BORGER: That is what you do. You move states.

CASTELLANOS: Louisiana has a public health care system.

BORGER: If you're Louisiana, why not move to New York if you're going to -- if you're going to get your health care there? Travel.

BLOW: There's a guy who's making less than $3,000 a year. How is he going to move? You're talking about Louisiana. We had Hurricane Katrina. I'm from Louisiana. They got -- People kept saying why don't they just pick up and...

BORGER: No, no.

BLOW: Listen. Why don't people just pick up and leave New Orleans? They're poor! They couldn't! They didn't have -- people don't have transportation. They don't have ways to move. They don't have places to go if they have to move. This idea -- I think most people do not understand what poverty means in America. What it actually means. When people say...

CASTELLANOS: I can tell you what it means. BLOW: We can't vote. Why can't they -- why don't they, you know, have I.D.s? If they have to take a flight they need an I.D. Well, they never take a flight, because they're poor.

BORGER: That's why it's unfair. That's what I was saying. I think it's unfair.

Now, the thing is, if there were penalties, if there were penalties, the question is, what would the states do then? And since the Supreme Court said there are no penalties maybe there's a way to reinstitute those penalties.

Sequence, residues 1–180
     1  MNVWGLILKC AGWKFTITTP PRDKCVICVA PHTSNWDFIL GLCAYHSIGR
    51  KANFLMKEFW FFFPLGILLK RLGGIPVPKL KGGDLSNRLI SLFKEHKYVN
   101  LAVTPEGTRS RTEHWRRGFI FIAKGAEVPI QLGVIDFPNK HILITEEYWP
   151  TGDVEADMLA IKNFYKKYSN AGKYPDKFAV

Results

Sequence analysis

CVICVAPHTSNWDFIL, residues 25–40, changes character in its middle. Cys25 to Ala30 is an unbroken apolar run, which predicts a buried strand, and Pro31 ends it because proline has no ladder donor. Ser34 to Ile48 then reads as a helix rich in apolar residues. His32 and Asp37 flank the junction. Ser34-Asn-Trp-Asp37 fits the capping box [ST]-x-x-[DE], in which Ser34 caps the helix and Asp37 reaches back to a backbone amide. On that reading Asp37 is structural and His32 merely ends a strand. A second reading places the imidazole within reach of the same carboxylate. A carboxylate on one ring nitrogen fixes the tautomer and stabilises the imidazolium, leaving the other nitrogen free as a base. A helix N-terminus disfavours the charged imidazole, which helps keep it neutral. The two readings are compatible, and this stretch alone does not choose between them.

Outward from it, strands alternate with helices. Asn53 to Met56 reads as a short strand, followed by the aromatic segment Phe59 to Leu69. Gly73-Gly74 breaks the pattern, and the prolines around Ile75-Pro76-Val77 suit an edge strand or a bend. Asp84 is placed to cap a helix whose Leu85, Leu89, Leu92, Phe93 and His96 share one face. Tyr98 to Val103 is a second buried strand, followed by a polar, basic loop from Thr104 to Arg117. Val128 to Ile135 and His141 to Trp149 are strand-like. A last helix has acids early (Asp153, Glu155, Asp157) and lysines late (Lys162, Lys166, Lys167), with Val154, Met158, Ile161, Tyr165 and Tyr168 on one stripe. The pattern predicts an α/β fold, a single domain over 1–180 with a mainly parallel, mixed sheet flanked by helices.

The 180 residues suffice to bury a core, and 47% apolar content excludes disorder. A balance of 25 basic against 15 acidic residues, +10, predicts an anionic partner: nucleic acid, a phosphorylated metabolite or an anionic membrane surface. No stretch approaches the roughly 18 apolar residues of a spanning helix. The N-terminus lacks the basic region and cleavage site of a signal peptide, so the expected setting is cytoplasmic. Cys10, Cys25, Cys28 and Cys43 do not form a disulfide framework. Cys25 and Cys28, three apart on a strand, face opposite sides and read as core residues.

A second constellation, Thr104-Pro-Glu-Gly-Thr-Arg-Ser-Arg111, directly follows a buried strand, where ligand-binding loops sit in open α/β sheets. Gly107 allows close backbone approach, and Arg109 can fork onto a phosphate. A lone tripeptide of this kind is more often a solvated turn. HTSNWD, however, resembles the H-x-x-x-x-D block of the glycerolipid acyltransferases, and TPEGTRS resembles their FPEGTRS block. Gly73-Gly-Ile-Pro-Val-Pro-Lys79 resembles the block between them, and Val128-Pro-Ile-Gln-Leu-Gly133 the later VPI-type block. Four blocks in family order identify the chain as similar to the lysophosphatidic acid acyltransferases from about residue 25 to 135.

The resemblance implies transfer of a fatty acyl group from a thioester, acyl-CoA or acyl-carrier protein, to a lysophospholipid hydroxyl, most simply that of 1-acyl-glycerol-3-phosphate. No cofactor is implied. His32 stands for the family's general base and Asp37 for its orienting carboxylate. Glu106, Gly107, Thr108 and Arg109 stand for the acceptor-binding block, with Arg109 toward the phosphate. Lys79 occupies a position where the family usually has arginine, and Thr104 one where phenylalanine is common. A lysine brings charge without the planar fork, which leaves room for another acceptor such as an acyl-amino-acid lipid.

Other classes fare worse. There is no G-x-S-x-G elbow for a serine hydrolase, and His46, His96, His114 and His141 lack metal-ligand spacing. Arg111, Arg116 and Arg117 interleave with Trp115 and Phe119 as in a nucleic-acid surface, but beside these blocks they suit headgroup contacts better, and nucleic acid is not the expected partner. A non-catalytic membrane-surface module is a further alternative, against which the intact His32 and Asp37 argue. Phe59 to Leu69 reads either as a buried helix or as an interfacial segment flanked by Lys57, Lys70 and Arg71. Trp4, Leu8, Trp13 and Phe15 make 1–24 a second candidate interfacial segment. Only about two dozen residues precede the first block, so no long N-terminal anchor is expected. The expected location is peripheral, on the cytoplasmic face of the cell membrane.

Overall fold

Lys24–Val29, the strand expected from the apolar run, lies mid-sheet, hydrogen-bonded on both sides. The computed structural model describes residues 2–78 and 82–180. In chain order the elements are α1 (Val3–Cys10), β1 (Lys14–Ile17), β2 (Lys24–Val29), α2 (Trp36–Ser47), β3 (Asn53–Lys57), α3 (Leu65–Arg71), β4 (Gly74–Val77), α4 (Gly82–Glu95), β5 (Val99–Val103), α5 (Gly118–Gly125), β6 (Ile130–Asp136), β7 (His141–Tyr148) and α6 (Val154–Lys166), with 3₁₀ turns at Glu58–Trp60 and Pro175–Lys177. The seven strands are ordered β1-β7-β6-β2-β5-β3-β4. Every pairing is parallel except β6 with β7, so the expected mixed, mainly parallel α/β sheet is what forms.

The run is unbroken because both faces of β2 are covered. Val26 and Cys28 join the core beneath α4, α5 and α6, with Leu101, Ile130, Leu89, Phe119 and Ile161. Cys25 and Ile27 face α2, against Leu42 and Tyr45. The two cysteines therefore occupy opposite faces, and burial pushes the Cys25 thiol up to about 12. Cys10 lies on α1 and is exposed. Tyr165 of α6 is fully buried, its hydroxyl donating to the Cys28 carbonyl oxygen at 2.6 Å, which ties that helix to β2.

PINSKY: Shucks.

COOPER: Every doctor...

PINSKY: Shucks, I'm just a physician. And the fact is we're trying to help patients. And we look at all that swirls around this.

COOPER: Do you worry about a huge inflow of patients?

PINSKY: Absolutely. It's going to -- I brought this up two nights ago when I was here. It's going to be an issue. There's going to be requirements that we use physician extenders, which I know you reacted.

COOPER: I never heard of term.

PINSKY: Nurse practitioners, because we're going to have too many patients.

You did a report on addiction treatment in California. That's how Medi-Cal works. Physicians sit up here, and extenders do the work, because you cannot afford to do it any other way. People aren't going to like the way this actually plays out. Medi-Cal, Medicaid. Not a great program. But we're trying to do something, guys. We're trying to help people that need help.

Thank God we have a catchment that catches people, and we have institutions that step up and suck in these patients free, take care of them for free.

I'm having a problem right now where my patients don't want to sign up for insurance. Interns here, I couldn't get them to sign up today. They don't have insurance. Because they're not used to paying for insurance. They feel invincible. They don't want to.